May 2, 2013

I told you before that the only difference between PA Gov. Tom Corbett and Wisconsin Gov. Scott Walker is that Corbett made sure to avoid saying things in front of TV cameras that might turn up on YouTube. Well, there you go.

The ALEC-subordinate gov was being interviewed on when the topic of the state's poor job statistics came up --- and there it was, finally: A classic Corbett moment.

First, he complains the statistics are "misleading." He said we were in better shape than other states when the recession hit, so those other states are growing faster now because they were in worse shape. (Although we went from 7th to 49th in job growth since he became governor. Oh, and he previously blamed unemployment on... unemployment benefits, the favored bugaboo of all good Republicans who kiss the Koch rings.)

"The other area is, there are many employers that say, 'We're looking for people but we can't find anybody that has passed a drug test,' a lot of them. And that's a concern for me because we're having a serious problem with that."


It's the triple axle of Republican spin, the old "many people have told me" trick of trying to pass off anecdotes as data! He and South Carolina Gov. Nikki Haley must be working out of the same ALEC playbook.

Yesterday afternoon, Corbett's office referred the Huffington Post to Dave N. Taylor, director of the Pennsylvania Manufacturers' Association:

Taylor said drug use is part of an overall workforce readiness problem that includes things like basic communication skills and punctuality.

"Our manufacturing employers have to go through hundreds of applicants just to get a handful who are qualified," Taylor said, noting that employers need clean workers in order to obtain insurance. "I don't believe that many people understand that by being recreational drug users they're rendering themselves unemployable."

One problem figuring out exactly how many job applicants disqualify themselves with drugs, Taylor said, is that some people drop out of the application process as soon as they know there's a drug test.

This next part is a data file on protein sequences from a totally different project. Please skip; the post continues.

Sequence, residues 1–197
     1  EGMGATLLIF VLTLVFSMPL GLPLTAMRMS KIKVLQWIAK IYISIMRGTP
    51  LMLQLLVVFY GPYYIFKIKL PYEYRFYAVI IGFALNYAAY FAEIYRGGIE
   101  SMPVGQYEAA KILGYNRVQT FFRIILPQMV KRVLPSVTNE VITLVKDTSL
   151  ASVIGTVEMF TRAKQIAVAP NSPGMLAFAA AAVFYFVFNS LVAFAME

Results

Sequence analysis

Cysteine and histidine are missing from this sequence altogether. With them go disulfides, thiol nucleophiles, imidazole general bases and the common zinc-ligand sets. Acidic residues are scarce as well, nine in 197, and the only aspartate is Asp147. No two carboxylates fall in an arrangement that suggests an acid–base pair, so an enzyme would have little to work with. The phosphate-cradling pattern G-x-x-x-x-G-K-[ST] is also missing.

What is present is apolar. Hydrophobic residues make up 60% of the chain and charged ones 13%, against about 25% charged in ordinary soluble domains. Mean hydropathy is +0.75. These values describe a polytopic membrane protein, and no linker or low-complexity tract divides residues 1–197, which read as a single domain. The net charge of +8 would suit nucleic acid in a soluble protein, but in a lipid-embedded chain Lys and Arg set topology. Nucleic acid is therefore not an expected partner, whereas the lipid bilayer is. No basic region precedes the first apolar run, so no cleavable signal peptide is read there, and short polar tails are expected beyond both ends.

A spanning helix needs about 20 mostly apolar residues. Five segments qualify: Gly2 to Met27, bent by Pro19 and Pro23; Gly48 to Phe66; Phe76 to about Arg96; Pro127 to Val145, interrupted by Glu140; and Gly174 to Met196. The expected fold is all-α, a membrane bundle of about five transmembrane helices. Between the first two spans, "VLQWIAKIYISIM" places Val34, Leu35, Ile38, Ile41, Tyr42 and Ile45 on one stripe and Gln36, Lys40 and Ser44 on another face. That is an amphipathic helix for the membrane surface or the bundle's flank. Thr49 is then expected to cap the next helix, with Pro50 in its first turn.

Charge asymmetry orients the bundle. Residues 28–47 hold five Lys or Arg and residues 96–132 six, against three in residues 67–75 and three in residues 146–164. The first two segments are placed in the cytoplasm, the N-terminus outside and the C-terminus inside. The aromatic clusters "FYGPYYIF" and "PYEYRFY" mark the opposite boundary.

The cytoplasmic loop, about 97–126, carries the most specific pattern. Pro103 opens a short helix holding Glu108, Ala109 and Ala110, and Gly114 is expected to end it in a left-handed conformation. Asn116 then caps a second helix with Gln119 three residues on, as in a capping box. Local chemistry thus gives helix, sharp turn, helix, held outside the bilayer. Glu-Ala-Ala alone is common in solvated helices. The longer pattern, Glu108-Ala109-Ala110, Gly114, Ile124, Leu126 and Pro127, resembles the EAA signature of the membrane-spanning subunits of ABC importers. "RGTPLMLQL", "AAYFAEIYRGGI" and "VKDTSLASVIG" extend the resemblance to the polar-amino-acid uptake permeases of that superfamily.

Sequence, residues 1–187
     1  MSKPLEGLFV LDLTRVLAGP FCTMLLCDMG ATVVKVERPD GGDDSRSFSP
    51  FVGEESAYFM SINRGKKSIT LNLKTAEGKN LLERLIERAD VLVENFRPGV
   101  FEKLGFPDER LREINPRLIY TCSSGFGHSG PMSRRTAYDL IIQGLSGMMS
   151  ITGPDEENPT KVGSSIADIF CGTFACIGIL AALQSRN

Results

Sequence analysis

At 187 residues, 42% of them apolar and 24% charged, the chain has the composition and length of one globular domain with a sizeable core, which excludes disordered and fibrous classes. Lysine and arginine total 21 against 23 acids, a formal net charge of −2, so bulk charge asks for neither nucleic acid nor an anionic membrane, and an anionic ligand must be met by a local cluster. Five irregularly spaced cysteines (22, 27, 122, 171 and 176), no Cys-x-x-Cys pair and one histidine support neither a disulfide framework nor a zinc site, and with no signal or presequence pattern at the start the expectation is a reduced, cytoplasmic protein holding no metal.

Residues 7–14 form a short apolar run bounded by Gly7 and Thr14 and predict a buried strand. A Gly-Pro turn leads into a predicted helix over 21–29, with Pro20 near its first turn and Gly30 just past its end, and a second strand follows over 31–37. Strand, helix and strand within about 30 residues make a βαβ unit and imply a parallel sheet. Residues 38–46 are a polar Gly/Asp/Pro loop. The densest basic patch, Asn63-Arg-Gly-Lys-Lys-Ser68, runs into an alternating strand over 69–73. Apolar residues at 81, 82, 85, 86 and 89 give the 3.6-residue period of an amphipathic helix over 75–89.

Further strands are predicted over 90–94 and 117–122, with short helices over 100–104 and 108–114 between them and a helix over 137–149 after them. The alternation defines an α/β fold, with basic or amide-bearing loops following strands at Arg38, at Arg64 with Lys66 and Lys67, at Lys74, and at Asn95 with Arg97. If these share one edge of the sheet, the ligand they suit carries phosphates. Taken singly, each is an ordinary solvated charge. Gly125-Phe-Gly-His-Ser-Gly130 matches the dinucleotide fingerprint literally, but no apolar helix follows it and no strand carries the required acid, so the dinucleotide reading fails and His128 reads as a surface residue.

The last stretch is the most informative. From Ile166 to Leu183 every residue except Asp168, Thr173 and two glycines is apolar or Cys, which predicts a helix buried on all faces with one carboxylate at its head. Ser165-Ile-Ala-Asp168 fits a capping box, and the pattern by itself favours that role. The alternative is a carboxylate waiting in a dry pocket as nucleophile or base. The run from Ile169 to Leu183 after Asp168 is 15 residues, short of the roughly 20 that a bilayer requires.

I don't do drugs, but I've killed applications for that very reason because I resent how they've spread to every job sector out there. I'll bet I'm not the only person who feels that way, either. But the people I know who do use drugs have all figured out how to beat the tests, and they're all gainfully employed. Go figure!

And they're lumping all these factors in together. I'm sure drug use is a factor in some jobs, but it would be nice if instead of telling people they're not educated enough (or too stoned) to get jobs, Gov. Corbett concerned himself with addressing the underlying issues, like this:

Philadelphia has the highest rate of deep poverty - people with incomes below half of the poverty line - of any of the nation's 10 most populous cities.

The annual salary for a single person at half the poverty line is around $5,700; for a family of four, it's around $11,700.

Philadelphia's deep-poverty rate is 12.9 percent, or around 200,000 people.

Phoenix, Chicago, and Dallas are the nearest to Philadelphia, with deep-poverty rates of more than 10 percent.

The numbers come from an examination of the 2009 through 2011 three-year estimate of the U.S. Census American Community Survey by The Inquirer and Temple University sociologist David Elesh.

[...] The Philadelphia deep-poverty figure wasn't a complete surprise for antipoverty advocates, since the city already has the highest poverty rate - 28.4 percent - of any of America's biggest cities.

Still, it's significant, because while many people who live just below the poverty line often move out of poverty, those in deep poverty are in such a profoundly disadvantaged state that they're more likely to stay mired in it, according to Judith Levine, a Temple sociologist. "Poverty becomes a long-term experience, and it's very different, especially for children," she said.

Children in deep poverty do worse in school than less poor kids, said Arloc Sherman, researcher with the Center on Budget and Policy Priorities.

"The consequences may last decades," he said.

Yet the Republican-controlled state legislature, under Corbett, continues their push to starve the Philadelphia public schools of adequate funding, all the while showering cash on fly-by-night for-profit charter schools. (And Wall Street.) If Gov. Corbett actually gave a rat's ass about getting adequately trained employees for manufacturing jobs, he might start with the largest city's abysmal literacy rate. Because if you can't read any higher than a third-grade level, odds are you're not going to community college to train for a decent job.

But Corbett is just another soulless Republican scumbag -- and that's an insult to prophylactics, which at least serve a useful function. State Senate Majority Leader Dom Pillegi, another scumbag who got his start as a bagman in the famously corrupt Delaware County, is pushing hard to change the state's electoral system to ensure a Republican presidential win -- and it also might save Corbett's bacon. (This is why I despise the Republican party. When they can't win on the merits, they lie, cheat, steal or change the rules to win. They don't like actual democracy, because it's the only thing standing between them and total control.)

Tom Corbett is a pimple on the ass of humanity, and I will dance all night on his political grave when Pennsylvanians finally kick his lying, greedy ass to the curb. From these lips to God's ears!

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